Wednesday, July 22, 2015

Wednesday July 22, 2015 - I told my cousin and it went great

I traveled to New Jersey, on my way to CT. Flying into Philadelphia because of a cheap airline ticket, I decided to spend some time with a college buddy and his wife. I met him (I will call him Steve) during the first week of school and we because instant friends. We were in each others wedding and even though he went back to Philly and I stayed in Atlanta, we get together every  year or two.

He and his wife took me out to lunch. While waiting for our food, Steve's wife complimented me on my nails. She told me that they looked better than hers and were well groomed. She turned  to Steve and asked why he does not get a manicure.

He laughed and said that he needed them rough because it helped him when scratching his butt and private areas. We all laughed knowing that is Steve. Going to college in the early 70's, Steve and his Philly friends were very aggressive toward women. I found that different and funny. I do not think that same behavior would be acceptable today. I know it would not be to me. One example of their behavior was "cat calling" women.

However, I was smiling and very pleased that another women recognized my nails and complimented me on it.

I then complimented our waitress on her eyelashes. She said thank you and explained that she use to wear extensions but the glue took out her natural eyelashes. So she uses an eyelash serum to help her natural lashes grow and an extender mascara.

I do not know if Steve's wife picked up on my new found attention toward female grooming, but she joined my conversation with the waitress on her eyelashes.

I left Steve's and traveled to New Jersey to see my first cousin. I arrived at around 6 pm and we stayed up talking until 1 am. We talked about our families and of course that led to our time growing up. I only have two first cousins and they are sisters, two years apart. We all grew up together.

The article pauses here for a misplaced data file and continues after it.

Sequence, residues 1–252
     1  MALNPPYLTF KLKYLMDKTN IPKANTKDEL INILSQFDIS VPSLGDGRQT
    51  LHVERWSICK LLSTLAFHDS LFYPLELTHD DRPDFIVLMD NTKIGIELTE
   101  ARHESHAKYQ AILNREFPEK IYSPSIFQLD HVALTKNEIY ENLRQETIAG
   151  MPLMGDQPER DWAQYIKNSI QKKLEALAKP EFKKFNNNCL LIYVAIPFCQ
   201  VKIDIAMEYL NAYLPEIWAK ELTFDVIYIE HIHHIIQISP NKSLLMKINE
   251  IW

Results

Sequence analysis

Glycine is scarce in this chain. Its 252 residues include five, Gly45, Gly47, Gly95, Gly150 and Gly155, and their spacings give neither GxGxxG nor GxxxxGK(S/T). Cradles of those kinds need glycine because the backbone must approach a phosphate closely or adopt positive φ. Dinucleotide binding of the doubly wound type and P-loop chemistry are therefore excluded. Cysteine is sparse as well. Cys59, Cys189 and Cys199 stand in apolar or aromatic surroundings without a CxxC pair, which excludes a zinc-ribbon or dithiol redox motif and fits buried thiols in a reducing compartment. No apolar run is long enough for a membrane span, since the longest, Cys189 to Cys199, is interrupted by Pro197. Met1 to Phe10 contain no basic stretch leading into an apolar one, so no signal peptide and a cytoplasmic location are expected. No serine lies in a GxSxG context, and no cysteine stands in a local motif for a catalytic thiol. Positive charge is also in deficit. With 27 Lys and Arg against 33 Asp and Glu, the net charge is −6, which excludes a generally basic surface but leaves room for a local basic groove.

I am the only one of my siblings to have children (3) and she is the only sibling to have children (3).

Our discussion turned to one of our favorite second cousins, Jeffery. I may have mention this in a previous post, but Jeffery was a couple of years older than me and came out in 10th grade by wearing women's clothes to high school. It was a big issue in our small town and in our family. He was kicked out of school and his father kicked him out of the house. My Dad was President of the School Board and tried to help my cousin. But he ended up on the street ans eventually died of AIDS in the early to mid 1980's.

He was one reason why I went deeper in the closet. I saw what happened and did not want that to happen to me.

While we were on this subject, I told my cousin that I was like Jeffery and I was and still am a crossdresser. I went on to explain what being gender fluid was. She was very surprised but was pleased I told her.

We spent the next couple of hours talking about Caitlyn Jenner, how my family feels about it and how I handled it over the years.

I told her I was telling family first because I want my family and then my friends to know that they have known a "crossdresser" for years.

Polling shows that once someone who knows a transgendered person becomes more accepting of our community.

So I am doing my part to help myself and the community.

Today, I am having lunch with an old girlfriend and I am going to tell her. This will be the first non-family member I am sharing my gift with. I am hoping she will share her secret with me.

1 comment:

  1. I am very proud of you. For those of us fully or partially in the closet we have a keen understanding of why Jenner was a worthy recipient of the Arthur Ashe award.
    Your one at at time telling of your gender gift is the best way for you to do outreach. As every person learns that we are good solid citizens and that we have been hiding in plain sight all these years we knock down the walls and the door to our closets and the closets of others.